Hormones are one of the greatest influencers of bodily function. Their impact can be seen in essential areas such as mood regulation, neurological function, and even physical growth. Because of this, many scientists have begun to further explore the possible connection between hormones and prominent conditions such as ADD/ADHD.
Recently, a correlation has been made between hormone balance and the occurrence of ADD/ADHD. As of yet, little research has been completed. However, the work that has been done shows that sex hormones, specifically estrogen and testosterone, have a notable impact on neurological elements relating to ADD/ADHD.
Recognizing the impressive influence of hormones, causes of imbalance, and implementing methods to maintain or improve hormone activity can help alleviate symptoms of ADD/ADHD.
The Hormonal Impact on ADD/ADHD
The sex hormones, testosterone and estrogen, appear to have a notable role in the development of ADD/ADHD. Studies have found that increased levels of testosterone, the primary male sex hormone, may negatively impact neurological function thereby promoting symptoms of ADD/ADHD. It is suspected that the greater occurrence of ADD/ADHD in males is associated with increased testosterone levels as it seems that it has a greater impact on ADD/ADHD development than female sex hormones.
The neurotransmitter dopamine, also known as the feel-good hormone, is considered by many experts to play an important role in ADD/ADHD development and symptoms – learn more about the connection between neurotransmitters and ADD/ADHD here. Studies suggest that increased levels of testosterone may impact the neurological pathways used by dopamine thereby reducing neurological development. Furthermore, elevated testosterone may also inhibit dopamine function in essential areas throughout the brain. Therefore, as testosterone levels increase so too does the risk of ADD/ADHD symptoms.
Progesterone is essential for maintaining proper hormone balance among women may also play an important role in ADD/ADHD symptom regulation. It is also well known that reduced estrogen levels impact female cognition, induce changes in mood, and negatively effects memory. These are symptoms commonly associated with ADD/ADHD. Unfortunately, it is unclear how female sex hormones interact with other systems to promote ADD/ADHD development. Because of this, it is difficult to create effective treatment for hormone-related ADD/ADHD.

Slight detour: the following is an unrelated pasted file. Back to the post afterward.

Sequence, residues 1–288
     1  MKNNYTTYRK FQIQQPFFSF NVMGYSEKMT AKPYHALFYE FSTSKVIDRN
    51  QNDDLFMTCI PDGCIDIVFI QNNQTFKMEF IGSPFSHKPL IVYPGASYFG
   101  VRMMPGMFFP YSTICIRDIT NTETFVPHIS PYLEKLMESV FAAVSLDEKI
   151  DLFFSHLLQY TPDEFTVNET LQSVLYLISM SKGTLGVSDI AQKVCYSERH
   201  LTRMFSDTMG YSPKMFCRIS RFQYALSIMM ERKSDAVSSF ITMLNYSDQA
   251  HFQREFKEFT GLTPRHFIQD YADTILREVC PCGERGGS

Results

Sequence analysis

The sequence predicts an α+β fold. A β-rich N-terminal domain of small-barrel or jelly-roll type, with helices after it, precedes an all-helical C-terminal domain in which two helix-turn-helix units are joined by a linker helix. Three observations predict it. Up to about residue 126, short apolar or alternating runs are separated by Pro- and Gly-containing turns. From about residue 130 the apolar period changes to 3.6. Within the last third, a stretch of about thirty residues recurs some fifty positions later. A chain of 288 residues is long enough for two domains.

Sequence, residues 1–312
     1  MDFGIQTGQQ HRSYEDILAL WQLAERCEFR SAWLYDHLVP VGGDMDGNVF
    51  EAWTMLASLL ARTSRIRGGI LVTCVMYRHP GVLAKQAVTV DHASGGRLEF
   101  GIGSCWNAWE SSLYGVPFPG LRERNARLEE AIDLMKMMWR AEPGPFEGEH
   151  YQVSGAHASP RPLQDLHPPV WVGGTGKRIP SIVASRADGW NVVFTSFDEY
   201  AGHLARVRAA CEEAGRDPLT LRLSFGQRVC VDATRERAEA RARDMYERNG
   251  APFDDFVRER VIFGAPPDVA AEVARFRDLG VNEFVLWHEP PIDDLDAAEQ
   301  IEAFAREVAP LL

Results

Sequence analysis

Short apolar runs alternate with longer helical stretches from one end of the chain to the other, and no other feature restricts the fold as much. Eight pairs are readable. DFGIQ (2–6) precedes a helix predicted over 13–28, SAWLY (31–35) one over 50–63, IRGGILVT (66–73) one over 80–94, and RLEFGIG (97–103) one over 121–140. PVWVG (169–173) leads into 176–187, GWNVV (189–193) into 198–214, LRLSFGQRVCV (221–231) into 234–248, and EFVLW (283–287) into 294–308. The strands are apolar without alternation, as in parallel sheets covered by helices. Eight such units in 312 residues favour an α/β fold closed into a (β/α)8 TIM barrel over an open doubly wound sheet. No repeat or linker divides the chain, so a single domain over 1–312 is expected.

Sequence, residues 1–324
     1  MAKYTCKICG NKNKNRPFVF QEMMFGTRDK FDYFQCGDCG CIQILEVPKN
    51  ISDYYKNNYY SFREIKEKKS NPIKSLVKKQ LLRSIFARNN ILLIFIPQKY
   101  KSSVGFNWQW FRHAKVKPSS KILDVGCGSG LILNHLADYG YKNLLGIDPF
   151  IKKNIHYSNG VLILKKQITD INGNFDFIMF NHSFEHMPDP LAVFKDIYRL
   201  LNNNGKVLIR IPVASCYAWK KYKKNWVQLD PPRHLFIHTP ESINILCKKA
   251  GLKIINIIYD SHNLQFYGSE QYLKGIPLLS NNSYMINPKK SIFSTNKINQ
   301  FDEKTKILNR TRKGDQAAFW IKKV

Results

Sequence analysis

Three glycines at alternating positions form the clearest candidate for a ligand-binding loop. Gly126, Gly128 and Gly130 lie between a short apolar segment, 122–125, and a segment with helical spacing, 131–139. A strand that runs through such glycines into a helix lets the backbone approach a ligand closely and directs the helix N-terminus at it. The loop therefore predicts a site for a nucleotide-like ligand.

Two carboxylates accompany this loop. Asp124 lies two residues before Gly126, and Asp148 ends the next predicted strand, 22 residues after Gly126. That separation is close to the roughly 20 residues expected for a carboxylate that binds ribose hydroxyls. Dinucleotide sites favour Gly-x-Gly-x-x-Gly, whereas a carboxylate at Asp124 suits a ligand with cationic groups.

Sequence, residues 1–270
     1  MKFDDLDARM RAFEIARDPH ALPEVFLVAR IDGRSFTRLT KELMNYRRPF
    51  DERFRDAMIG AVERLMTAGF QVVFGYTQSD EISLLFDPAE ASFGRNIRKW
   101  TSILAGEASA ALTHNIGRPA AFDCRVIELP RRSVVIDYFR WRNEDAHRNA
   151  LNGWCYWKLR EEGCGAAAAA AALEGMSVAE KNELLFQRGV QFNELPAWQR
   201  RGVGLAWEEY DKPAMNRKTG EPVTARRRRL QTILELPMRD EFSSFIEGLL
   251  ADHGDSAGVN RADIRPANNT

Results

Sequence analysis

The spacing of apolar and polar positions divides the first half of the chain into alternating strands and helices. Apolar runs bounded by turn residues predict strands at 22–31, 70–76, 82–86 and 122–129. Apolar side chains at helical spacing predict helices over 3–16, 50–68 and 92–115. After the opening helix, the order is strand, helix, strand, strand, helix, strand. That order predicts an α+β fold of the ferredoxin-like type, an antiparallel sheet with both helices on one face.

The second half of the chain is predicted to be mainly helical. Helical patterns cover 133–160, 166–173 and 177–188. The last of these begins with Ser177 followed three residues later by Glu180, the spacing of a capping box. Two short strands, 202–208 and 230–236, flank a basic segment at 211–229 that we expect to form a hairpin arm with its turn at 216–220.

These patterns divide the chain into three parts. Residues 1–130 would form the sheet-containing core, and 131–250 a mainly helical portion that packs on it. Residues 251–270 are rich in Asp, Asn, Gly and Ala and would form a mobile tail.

Notable Times of Hormonal Disruption
Hormone production and prevalence typically decrease as one ages. However, there are other times in life that hormonal imbalances are expected. Recognizing these times and responding appropriately may help alleviate ADD/ADHD symptoms.
Puberty accompanied by dramatic shifts in hormone balance. Males experience a significant increase in testosterone levels while females experience an increase in estradiol, a form of estrogen. If sex hormones do impact ADHD development, it would make sense that puberty is a significant period for attention disorder development. This hypothesis is reinforced by the fact that ADD/ADHD frequently develop during puberty.
Hormonal imbalances promote different symptoms of ADD/ADHD between genders. Boys typically display more disruptive symptoms while girls often internalize their symptoms. Some research suggests that these two different expressions of ADD/ADHD are gender reliant due to gender specific imbalances of testosterone and estrogen.
During the menstrual cycle, women experience major shifts in hormone levels, which may promote the occurrence of ADD/ADHD symptoms. The average menstrual cycle is roughly 28 days. During the first two weeks, levels of estrogen increase thereby triggering greater prevalence of important neurotransmitters such as serotonin and dopamine. These two substances are believed to be critical in the regulation of ADD/ADHD symptoms. During the third and fourth weeks of menstruation, progesterone diminishes, which may limit the efficacy of estrogen in the brain and by extension the positive impact of serotonin and dopamine. As levels of these important regulatory chemicals decline, ADD/ADHD may worsen.